spend her time on the island and the manner in which she engages the native Other. Initially, her fears prompt her to hide as Crusoe does (and as the hermit does as well), but she never considers attacking the Indians or capturing one as Crusoe did Friday Instead, after the first wave of fear and anxiety has passed, Unca realizes that her God-sent purpose on the island is to convert the natives to Christianity. When the narrative recasts the female castaway as missionary rather than as helpless victim of circumstance or exemplary survivor of extraordinary adventures, one is almost forced to revoke, through a retroactive reading, Defoe's narrative as a parable of individualist success. Crusoe's story, read back from Unca's, is a tale of Christian failure, not unlike that of the hermit, whose existence is also "futile" because of his self-enforced hiding from the natives. Thus, when the hermit's manuscript tells Unca "how you may subsist you may learn from the history of my life," it also retroactively reduces Defoe's Crusoe to a survival manual. The rather instrumental use of the Crusoe-like hermit in Female American suggests that he is merely a foil for supplantation and supersession, and Unca enacts precisely this when she uses the manuscript as her own handbook for survival, but then, contrary to the hermit's instructions to avoid the natives, goes further by writing the chapter that he could never write: the chapter in which the island itself is scripted into God's book through her hand, in the indelible ink of Christianity. To understand the manner in which the missionary is put together as female agent of the civilizing process, we have to witness the novel's narrative grafting, whereby another mythical narrative from the New World is transplanted into it in order to displace the roots of an earlier one which is now staged as that of the male (now failed) agent of civilization. American begins with a transatlantic crossing by Unca's grandfather and father, Edward Winkfield and William Winkfield respectively, to join other British settlers at Virginia. Soon after their arrival, their plantation is attacked by native Indians who take William Winkfield captive. In a reenactment of the Pocahontas tale, the "king's" daughter Unca pleads for his life; he is spared and given to the princess in marriage.(7) The couple is later allowed to leave the tribe and return to Winkfield's plantation, where their daughter (the protagonist-author, also named Unca) is born and raised in a manner that combines her Anglo and Indian heritage. Unca's name performs crossovers on several levels, thus even surpassing that of her historical ancestress, Pocahontas. First, there is a gendered and cultural crossover in the way "Unca" stands as a feminized version of an important player in American colonial history. "Uncas" was chief of the Mohicans when the tribe joined the Puritan settlers in a war against a fellow tribe (the Pequots) in the 1630s. In what is often seen as the first significant example of a bloody "primitive accumulation," the brutality of this war resulted in the virtual decimation of the Pequots and is believed to have stunned other tribes into treaties and compliance.(8) Uncas, a traitor to native struggles, remained a hero for the British, whom he aided in all their wars till his death in 1683. Next, we have the racial hybridity evoked by the conjunction of the native name with the patronymic "Winkfield," which also evokes the lineage of the original settlement. Unca's English grandfather's name, Edward Maria Winkfield, conjures for the informed reader the first titular head of the Jamestown colony--Edward Maria Wingfield (later replaced by the colonists with John Smith of Pocahontas fame in 1607).(9) Hence, in the novel, the colonial romance between Unca's parents not only recodes the Pocahontas tale as an assertion of the importance of matrimony as political exchange, but it also recasts filiation and cultural exchange as a story of female instrumentality. If the figure of Pocahontas reminds the novel's mostly white readers in the eighteenth century of the successful role a remarkable Amerindian woman played as mediator between native and settler, then the novel also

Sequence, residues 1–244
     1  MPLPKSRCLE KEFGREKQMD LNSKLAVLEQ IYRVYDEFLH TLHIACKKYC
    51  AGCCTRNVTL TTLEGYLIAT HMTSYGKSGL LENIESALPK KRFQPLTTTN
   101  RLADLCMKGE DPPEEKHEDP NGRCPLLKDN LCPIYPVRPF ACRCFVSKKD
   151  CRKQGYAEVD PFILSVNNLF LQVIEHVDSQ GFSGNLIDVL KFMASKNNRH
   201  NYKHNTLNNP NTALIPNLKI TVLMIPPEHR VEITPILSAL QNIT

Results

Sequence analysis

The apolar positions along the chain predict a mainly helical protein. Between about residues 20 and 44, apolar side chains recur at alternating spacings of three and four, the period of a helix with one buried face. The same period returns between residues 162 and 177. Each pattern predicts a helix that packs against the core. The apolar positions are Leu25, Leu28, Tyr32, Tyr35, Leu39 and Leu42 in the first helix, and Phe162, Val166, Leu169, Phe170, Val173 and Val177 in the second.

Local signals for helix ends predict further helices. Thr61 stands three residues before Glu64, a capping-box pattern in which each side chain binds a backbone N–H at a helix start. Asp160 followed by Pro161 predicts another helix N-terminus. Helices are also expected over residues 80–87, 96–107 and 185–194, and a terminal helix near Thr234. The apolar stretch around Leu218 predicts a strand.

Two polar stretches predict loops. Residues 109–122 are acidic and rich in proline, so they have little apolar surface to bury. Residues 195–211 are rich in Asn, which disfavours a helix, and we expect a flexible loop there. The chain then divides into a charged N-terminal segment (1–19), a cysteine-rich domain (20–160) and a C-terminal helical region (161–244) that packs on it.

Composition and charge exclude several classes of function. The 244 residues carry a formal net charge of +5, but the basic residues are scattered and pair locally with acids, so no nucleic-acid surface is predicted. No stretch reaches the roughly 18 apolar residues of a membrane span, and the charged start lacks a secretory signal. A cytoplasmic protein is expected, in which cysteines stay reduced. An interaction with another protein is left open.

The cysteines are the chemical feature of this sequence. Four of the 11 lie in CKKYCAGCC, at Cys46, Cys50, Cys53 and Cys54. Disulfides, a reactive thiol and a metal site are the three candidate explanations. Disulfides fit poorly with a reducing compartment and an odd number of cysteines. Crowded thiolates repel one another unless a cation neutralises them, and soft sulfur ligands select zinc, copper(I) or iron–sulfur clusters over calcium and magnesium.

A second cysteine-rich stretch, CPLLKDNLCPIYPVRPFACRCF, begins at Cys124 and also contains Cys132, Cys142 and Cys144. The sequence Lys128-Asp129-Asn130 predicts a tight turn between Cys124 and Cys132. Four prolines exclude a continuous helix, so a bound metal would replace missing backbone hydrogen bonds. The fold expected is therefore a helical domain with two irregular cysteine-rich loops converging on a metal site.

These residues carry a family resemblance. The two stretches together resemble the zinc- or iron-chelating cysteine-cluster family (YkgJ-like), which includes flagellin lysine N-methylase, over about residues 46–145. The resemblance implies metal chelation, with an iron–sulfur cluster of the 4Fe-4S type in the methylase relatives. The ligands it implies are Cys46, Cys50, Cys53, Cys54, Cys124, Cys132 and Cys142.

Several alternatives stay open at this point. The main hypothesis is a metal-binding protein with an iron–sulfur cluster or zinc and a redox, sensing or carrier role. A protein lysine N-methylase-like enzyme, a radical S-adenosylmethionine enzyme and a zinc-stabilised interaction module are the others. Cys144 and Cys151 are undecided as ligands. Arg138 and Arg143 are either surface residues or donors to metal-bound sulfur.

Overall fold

performs a racial crossover by producing as a figure of female power for the white reader's own pleasurable identification a biracial subject who is not-quite-white.(10) However, even though the proper name "Unca Winkfield" acts as a filiative sign that exceeds the function of the Name of the Father, it also performs the ideological function of concealing colonialist violence by troping a native name with that of a founding father. This iterative function, of the name privileges a rereading of the Pocahontas tale not as a colonial encounter showing the failure of reciprocity on the part of the settlers, but as what Peter Hulme calls the tale of "cultural harmony through romance." This reading in turn allows the novel to assert the role of native female agency as at least part Anglo and therefore transforms the limiting bounds of eighteenth-century white domestic space (alluded to in the earlier quote about female vagrancy) from the domain for transmission of love or inheritance into the very structure of civil society itself in the New World.(11) In the novel, the natives' conversion to Christianity is effected by Unca's manipulation of their religious structures and practices. While exploring the island for a hiding place before the natives' annual visit, Unca discovers a "temple" with a statue of the "Oracle of the Sun." The description of the idol is particularly significant given Unca's later objectives: